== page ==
Goose Creek's first new police chief in three decades has broken barriers throughout her career. Her new post is no different.
After a nearly 30-year career in law enforcement, L.J. Roscoe was sworn into her new role on Jan. 18, becoming the first woman to lead a law enforcement agency in Charleston, Dorchester or Berkeley counties. She is also the only openly LGBTQ chief in the tri-county.
Roscoe, who came to Goose Creek from the Dekalb County Sheriff's Office in Georgia, joins the small but growing ranks of female police chiefs in South Carolina.
Despite the historic nature of her tenure, the new chief says her identity as an officer comes first.
"I believe this is more than just a career," Roscoe said. "This is a calling. Being a police chief has been a goal of mine from very early on."
According to research conducted by the S.C. Police Chiefs Association, there are currently about 12 female chiefs in the state. Most lead small departments, with the exception of Roscoe and Myrtle Beach Police Chief Amy Prock.
Departments in South Carolina have previously lagged behind those in other states in terms of female leadership, but strides have been made in recent years.
The S.C. Highway Patrol promoted its first female captain in 2017. The following year, the first woman was appointed to lead the agency's Lowcountry troop.
Portland, Ore., claims to have sworn in the first female officer in the country, Lola Baldwin, in 1908. The Rose City also made history when Penny Harrington became the first woman to lead a metropolitan police department as chief in 1985.
Until the latter part of the 20th century, female officers in many cases were limited in their duties.
Roscoe, who started her career working in the DeKalb County Jail, was the first to push through at least a few barriers in her former agency.
"When you tell her that's not the way it is, she will identify a new way for things to be," Goose Creek Mayor Greg Habib said during her swearing in. "Women don't work the third shift in DeKalb County. They do now. She was the first to be assigned to the (overnight) shift. Women don't ride motorcycles in DeKalb County. They do now."
For DeKalb County Sheriff Jeffrey Mann, who attended the ceremony in Goose Creek, his former employee's sense of calling is part of what makes her a great leader.
"One thing about Chief Roscoe is she's going to push hard," Mann said. "She's going to work hard and she's done that every step of her career. She's gone through 11 ranks in the Sheriff's Office. I don't know of anyone else that has done that, or very few."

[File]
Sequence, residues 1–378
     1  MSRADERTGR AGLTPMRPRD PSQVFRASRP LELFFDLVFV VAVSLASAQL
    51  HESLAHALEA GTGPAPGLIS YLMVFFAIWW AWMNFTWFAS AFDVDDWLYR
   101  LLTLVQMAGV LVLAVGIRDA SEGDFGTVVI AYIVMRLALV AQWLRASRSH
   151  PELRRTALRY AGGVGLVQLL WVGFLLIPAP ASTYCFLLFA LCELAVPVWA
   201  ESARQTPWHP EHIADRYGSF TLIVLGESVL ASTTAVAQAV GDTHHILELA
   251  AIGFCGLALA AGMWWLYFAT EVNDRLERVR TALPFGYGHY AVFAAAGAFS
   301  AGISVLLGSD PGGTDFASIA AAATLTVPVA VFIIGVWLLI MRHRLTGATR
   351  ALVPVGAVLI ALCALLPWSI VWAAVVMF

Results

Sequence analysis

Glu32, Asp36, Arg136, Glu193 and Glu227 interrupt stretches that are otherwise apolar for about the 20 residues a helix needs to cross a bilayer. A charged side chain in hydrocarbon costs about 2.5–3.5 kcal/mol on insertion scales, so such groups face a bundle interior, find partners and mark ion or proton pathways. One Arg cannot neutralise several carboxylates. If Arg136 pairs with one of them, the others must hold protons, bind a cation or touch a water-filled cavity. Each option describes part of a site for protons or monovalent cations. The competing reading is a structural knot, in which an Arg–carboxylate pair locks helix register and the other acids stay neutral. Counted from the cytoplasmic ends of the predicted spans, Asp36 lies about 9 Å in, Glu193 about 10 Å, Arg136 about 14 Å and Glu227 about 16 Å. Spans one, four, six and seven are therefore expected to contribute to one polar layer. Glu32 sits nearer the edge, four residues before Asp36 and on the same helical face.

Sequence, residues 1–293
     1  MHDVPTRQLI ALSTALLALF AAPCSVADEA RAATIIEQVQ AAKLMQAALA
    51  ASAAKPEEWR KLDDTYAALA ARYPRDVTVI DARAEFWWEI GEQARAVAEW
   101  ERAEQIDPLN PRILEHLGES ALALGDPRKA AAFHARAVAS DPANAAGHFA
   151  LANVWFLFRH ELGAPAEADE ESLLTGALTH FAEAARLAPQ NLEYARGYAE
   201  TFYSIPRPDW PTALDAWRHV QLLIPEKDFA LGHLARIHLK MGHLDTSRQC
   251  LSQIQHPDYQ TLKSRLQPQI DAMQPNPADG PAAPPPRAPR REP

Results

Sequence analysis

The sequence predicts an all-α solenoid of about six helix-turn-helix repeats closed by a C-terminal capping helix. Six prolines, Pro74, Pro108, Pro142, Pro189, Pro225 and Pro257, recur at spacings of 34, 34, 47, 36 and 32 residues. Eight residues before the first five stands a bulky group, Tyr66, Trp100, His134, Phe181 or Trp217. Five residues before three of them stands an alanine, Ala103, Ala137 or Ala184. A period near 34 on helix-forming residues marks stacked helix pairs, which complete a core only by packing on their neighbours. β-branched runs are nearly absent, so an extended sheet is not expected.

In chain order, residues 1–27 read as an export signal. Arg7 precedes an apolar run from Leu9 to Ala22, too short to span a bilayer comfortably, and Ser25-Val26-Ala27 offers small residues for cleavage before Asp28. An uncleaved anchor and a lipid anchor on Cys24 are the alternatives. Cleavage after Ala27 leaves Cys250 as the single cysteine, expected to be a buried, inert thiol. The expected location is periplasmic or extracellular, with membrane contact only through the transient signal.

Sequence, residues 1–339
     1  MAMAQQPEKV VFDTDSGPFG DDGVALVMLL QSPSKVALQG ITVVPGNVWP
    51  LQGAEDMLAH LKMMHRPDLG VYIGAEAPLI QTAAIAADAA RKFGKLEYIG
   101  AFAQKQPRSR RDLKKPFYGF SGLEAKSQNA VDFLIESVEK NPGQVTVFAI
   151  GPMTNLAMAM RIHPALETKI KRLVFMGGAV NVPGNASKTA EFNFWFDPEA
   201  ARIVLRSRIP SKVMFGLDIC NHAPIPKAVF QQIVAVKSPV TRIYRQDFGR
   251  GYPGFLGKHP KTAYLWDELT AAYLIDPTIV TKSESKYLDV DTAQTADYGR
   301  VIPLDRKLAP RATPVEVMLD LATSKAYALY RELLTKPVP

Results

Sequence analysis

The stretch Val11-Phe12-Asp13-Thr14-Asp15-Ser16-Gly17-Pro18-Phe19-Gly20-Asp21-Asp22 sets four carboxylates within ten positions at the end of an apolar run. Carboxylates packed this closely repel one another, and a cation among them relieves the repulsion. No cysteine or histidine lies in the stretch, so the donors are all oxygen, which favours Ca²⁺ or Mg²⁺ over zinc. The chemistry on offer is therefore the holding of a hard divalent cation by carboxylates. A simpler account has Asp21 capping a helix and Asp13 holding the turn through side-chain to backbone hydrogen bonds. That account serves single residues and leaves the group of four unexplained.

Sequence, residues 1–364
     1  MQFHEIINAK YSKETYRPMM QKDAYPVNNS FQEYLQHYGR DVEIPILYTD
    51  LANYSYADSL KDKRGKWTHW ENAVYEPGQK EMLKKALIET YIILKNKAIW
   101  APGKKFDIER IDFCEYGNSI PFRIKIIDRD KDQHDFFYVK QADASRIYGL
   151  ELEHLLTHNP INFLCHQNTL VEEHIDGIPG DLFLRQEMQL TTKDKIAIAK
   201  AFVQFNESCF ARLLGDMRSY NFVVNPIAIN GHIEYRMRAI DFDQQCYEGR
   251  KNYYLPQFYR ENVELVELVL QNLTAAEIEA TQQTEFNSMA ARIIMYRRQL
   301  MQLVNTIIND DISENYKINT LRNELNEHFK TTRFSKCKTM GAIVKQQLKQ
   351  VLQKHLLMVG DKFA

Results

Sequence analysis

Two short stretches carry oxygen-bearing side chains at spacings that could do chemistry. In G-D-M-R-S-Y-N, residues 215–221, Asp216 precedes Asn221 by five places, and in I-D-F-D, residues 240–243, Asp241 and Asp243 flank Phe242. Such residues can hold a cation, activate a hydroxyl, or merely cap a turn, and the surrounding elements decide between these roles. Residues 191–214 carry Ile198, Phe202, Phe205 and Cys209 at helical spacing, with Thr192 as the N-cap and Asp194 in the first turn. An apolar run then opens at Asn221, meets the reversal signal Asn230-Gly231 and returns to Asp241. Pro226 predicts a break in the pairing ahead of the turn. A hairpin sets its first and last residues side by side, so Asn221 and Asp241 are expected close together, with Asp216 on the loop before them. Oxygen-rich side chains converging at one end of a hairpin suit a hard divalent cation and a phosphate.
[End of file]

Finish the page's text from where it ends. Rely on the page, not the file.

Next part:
Chase Glenn, executive director of the Charleston-based LGBTQ advocacy organization Alliance For Full Acceptance, said he was excited to hear that an openly lesbian chief was hired in the area.
"In the not so distant past, identifying as LGBTQ would have disqualified you from the running," Glenn said. "Representation matters. It's not that we expect special treatment, (but) it does mean that is someone we can look up to."
Roscoe's first official day on the job was Jan. 21, Martin Luther King Jr. Day. Among her first challenges on the job will be maximizing the efficiency of a department that has not added officers at a sufficient enough rate to match Goose Creek's population growth since 2008, the mayor said.
From 2010 to 2017, the last year available, the city's population grew by 17 percent, from 35,938 people to 42,619, according to the U.S. Census Bureau.
Now the eighth-largest city in South Carolina, Goose Creek is battling issues with congestion, Habib said. From 2012 to 2016, it saw a 46 percent increase in traffic collisions.
The mayor said he worked with council members to budget for two additional officers in the current fiscal year and hopes to add more officers in the next budgeting process.
While city officials work to bring staffing levels up, Habib said he can count on Roscoe to manage the resources at hand so that officers are placed where they are needed most — whether that's responding to a 911 call or conducting traffic enforcement.
As she settles into her new position, Roscoe says she's happy to be back in her home state and closer to her parents, who live in Florence. She, her wife Misty and their son plan to live in Goose Creek and be a part of the community.
Born in Germany and raised in Greenville, Roscoe's family moved to Florence in 1983. She graduated from West Florence High School in 1987 and moved to Georgia shortly after.
About two years later, when she was 20, Roscoe said she attended an event that changed her life and set her on the path to serve — a police officer's funeral in the Upstate.
After seeing the camaraderie shared by the officers who were there, she knew she wanted those strong bonds in her life.
"I pride myself on being a cops' cop," Roscoe said.